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Tulle admits that micro-aggressions are BS

Romaniii
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3/17/2016 5:25:26 AM
Posted: 8 months ago
Original quote:

"The only people who make 'privilege' an ugly word are the people who are offended by it... There is nothing inherently wrong with the term and there is nothing about the way it's used in academia that should warrant offense." [http://www.debate.org...]

*poof*

"The only people who make micro-aggressions ugly words/phrases are the people who are offended by them... There is nothing inherently wrong about them and there is nothing about the way they're used by non-minorities that should warrant offense."

#Kab00m
Maikuru
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3/17/2016 2:43:27 PM
Posted: 8 months ago
At 3/17/2016 5:25:26 AM, Romaniii wrote:
Original quote:

"The only people who make 'privilege' an ugly word are the people who are offended by it... There is nothing inherently wrong with the term and there is nothing about the way it's used in academia that should warrant offense." [http://www.debate.org...]

*poof*

"The only people who make micro-aggressions ugly words/phrases are the people who are offended by them... There is nothing inherently wrong about them and there is nothing about the way they're used by non-minorities that should warrant offense."

#Kab00m

I'm confused by this comparison because it seems you are conflating a category (i.e., privilege) with an act that would fall under such a category (i.e., microaggression).

Wouldn't the equivalent statement to what she said be "The only people who make 'micro-aggression' an ugly words/phrases...?"
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lamerde
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3/17/2016 6:26:03 PM
Posted: 8 months ago
At 3/17/2016 5:25:26 AM, Romaniii wrote:
Original quote:

"The only people who make 'privilege' an ugly word are the people who are offended by it... There is nothing inherently wrong with the term and there is nothing about the way it's used in academia that should warrant offense." [http://www.debate.org...]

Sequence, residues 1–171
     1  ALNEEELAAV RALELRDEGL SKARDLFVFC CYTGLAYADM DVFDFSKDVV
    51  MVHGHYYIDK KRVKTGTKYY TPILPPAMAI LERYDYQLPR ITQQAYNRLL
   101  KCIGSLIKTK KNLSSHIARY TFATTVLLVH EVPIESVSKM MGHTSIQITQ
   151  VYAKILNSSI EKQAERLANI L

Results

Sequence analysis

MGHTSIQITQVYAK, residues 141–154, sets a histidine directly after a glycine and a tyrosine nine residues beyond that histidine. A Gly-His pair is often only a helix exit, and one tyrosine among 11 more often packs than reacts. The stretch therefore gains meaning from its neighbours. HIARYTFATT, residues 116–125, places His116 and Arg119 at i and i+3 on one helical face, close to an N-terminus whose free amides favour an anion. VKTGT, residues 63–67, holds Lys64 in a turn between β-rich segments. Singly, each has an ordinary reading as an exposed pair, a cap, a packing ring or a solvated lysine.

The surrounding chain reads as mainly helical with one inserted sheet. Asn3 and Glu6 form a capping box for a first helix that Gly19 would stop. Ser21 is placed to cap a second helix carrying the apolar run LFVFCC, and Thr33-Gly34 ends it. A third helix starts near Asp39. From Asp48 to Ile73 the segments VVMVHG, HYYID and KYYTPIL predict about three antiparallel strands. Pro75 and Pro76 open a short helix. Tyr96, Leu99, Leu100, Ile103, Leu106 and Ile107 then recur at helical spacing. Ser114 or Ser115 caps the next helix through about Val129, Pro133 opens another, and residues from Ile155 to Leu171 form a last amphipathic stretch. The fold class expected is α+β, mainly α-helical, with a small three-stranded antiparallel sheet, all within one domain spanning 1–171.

*poof*

"The only people who make micro-aggressions ugly words/phrases are the people who are offended by them... There is nothing inherently wrong about them and there is nothing about the way they're used by non-minorities that should warrant offense."

#Kab00m

Don't turn into YYW.

First of all, the word microaggressions, like the word privilege, is innocuous. Your analogy doesn't even make sense, as Maikuru pointed out.

You also seem to be unable to tell the difference between someone being offended by being called "fat" and someone being offended by being called "blond."

You can't just insert a word into another phrase and claim that it's true. The things that I would consider microaggressions are things that I CAN show are in and of themselves problematic, not simply because some people hear the word and "feel hurt." The reasons white males "feel hurt" at the word privilege don't make sense and cannot be justified. They boil down to white males perceiving that word means something that it doesn't.

As I said before, I can care about someone being offended at being called fat and not care about someone being offended at being called blond because "fat" carries with it real negative connotations. The connotations white males feel when they hear the word "privilege" are made up and not rooted in history, science, or fact.
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FaustianJustice
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3/17/2016 6:35:52 PM
Posted: 8 months ago
At 3/17/2016 6:26:03 PM, lamerde wrote:
At 3/17/2016 5:25:26 AM, Romaniii wrote:
Original quote:

"The only people who make 'privilege' an ugly word are the people who are offended by it... There is nothing inherently wrong with the term and there is nothing about the way it's used in academia that should warrant offense." [http://www.debate.org...]

*poof*

"The only people who make micro-aggressions ugly words/phrases are the people who are offended by them... There is nothing inherently wrong about them and there is nothing about the way they're used by non-minorities that should warrant offense."